These people don’t feel the same. Their first concern is their bread and butter and their enjoyment. Democracy gives them that, all right. Long live democracy. If we came to power tomorrow and gave them the same thing, they’d say, “Heil Hitler!” So many did in Ger­many before the catastrophe. So many did, of that description. And they say the contrary now. Those are the democrats. Those are the Western anti-Communists, and they will be crushed by the Communists, because the Communists have a faith, and they have none. Unless we crush the Communists. We are the only ones. We have seen that in Vietnam. Anyhow, that was long after these happenings.

I went out. I had taken with me my swastika earrings bought in India, great big silhouette earrings in gold. As soon as the sentence was given, and I feared no more-I mean to say, a next trial because of my earrings-I put them on. I stood up. I did the Hitler salute, looking at the people, and I walked off. Some people of the press wanted to interview me, but the au­thorities didn’t allow it.

One thing I can say: the two Jews who were at the front were not laughing any longer. I don’t suppose that I frightened them. I was not such a powerful person. But they felt the spirit. They felt that this can always begin again. As long as there are people who really are given to it, it can begin again. That’s what they seemed to think. They didn’t tell me so. I don’t know what they thought. I can’t read people’s thoughts. But that’s what seemed to me.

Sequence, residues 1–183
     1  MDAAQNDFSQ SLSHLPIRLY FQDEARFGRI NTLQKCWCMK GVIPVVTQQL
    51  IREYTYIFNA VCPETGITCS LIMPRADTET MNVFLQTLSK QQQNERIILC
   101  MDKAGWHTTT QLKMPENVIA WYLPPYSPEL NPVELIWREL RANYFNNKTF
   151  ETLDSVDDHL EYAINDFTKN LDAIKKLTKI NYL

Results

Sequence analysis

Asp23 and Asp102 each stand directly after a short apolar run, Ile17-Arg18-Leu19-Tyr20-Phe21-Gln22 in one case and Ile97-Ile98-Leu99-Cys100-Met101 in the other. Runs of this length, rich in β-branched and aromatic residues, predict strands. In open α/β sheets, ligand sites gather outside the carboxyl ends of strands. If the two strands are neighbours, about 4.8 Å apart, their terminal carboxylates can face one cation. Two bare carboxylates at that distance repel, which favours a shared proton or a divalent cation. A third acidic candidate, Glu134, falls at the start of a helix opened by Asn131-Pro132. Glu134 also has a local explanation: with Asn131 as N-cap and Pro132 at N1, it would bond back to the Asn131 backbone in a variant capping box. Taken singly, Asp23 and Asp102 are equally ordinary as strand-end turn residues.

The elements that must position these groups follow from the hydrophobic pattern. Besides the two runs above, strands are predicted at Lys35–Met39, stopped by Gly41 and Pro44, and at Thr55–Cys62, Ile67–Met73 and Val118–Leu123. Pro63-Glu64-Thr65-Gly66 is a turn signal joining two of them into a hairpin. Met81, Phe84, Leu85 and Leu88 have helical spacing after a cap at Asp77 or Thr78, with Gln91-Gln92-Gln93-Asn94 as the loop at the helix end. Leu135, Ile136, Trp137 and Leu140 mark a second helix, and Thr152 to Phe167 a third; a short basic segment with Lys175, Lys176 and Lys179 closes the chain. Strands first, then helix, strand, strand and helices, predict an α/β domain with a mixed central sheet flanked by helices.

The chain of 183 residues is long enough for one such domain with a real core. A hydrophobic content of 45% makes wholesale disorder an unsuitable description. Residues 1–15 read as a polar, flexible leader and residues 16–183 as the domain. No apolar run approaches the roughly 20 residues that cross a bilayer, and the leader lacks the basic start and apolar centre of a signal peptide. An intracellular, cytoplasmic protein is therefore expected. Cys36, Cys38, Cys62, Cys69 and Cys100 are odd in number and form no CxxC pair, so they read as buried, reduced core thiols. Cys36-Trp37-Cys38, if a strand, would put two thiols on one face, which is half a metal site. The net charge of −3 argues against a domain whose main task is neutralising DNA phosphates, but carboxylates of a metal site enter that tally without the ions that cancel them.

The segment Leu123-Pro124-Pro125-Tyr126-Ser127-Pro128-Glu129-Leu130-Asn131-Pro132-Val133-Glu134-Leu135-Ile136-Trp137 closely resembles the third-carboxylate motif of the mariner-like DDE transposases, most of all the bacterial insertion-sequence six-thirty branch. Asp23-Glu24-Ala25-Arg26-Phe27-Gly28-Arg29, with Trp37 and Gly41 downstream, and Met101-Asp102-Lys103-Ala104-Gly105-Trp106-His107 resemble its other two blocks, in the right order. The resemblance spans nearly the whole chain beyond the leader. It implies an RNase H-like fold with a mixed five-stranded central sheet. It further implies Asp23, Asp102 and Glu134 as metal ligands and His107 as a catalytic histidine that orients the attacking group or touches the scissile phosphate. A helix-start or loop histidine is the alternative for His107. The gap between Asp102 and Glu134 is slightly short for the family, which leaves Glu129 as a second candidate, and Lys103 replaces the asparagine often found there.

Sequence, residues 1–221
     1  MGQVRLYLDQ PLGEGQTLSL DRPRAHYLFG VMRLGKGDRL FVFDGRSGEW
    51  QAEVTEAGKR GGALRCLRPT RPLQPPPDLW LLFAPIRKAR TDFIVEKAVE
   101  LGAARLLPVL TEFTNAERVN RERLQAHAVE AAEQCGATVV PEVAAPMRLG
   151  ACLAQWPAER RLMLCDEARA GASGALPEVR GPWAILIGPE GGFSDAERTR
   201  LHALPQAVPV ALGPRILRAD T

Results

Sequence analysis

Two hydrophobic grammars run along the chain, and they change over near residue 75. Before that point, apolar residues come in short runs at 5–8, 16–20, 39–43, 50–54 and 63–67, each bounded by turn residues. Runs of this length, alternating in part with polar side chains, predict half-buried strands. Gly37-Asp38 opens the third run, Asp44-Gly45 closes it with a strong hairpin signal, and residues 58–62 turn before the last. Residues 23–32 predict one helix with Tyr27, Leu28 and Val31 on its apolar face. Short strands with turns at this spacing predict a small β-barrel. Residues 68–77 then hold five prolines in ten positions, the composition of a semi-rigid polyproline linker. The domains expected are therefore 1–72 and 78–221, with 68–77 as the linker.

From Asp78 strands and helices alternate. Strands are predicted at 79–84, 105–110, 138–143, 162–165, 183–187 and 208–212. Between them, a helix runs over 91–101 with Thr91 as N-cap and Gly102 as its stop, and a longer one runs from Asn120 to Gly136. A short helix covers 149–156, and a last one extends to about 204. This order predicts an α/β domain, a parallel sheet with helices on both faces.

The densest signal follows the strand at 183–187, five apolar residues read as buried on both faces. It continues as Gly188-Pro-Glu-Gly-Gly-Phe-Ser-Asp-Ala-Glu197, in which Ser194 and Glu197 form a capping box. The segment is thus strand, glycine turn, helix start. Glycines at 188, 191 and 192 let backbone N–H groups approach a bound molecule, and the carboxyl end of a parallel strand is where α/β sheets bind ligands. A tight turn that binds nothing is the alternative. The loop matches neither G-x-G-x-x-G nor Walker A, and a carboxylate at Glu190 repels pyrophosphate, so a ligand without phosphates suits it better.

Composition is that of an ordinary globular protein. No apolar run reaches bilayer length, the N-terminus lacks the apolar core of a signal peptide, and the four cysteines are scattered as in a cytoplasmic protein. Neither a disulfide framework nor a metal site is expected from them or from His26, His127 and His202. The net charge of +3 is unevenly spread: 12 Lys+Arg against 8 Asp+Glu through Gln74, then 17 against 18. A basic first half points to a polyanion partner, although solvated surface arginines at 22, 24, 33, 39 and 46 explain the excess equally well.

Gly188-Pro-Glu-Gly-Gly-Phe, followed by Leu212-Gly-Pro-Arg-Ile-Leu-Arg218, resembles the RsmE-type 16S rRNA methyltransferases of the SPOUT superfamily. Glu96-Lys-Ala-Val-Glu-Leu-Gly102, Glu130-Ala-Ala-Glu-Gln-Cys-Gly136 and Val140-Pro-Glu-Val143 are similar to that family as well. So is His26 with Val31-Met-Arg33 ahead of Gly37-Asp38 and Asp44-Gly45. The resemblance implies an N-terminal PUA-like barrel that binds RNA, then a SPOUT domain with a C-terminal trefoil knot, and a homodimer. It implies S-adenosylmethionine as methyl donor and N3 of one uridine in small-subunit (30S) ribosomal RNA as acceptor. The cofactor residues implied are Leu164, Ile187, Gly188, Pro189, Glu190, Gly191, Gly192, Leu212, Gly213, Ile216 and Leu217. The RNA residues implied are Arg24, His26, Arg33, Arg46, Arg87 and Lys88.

I walked off, and I was taken to Werl after that. That was my trial in Düsseldorf, Mühlenstraße, on the 5th of April 1949. Exactly two years after I watched the fire on the flanks of the burning Mt. Hekla in Iceland, exactly two years.


[1] “But our views and our conduct will not be determined by the appro­bation or disapprobation of our contemporaries, but only by our duty to follow a truth which we have acknowledged.”-Mein Kampf, vol. 2, ch. 2, “The State,” trans. Murphy, 222.


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  7. 3 Responses to ““It Can Begin Again” — Savitri Devi”

    1. Bolg Says:

      “…These people don’t feel the same. Their first concern is their bread and butter and their enjoyment. Democracy gives them that, all right. Long live democracy. If we came to power tomorrow and gave them the same thing, they’d say, “Heil Hitler!â€? So many did in Ger­many before the catastrophe. So many did, of that description. And they say the contrary now. Those are the democrats…”

      Spot on description of The Liberal Whores of Democracy. True in 1949, truer now.

    2. .50 SNIPER Says:

      Nice,I really cant wait to read her books I barely have time to finish NER and WMB…

    3. James Hawthorne Says:

      Pick ONE day (Sunday is always good ) as your education day. Read a book.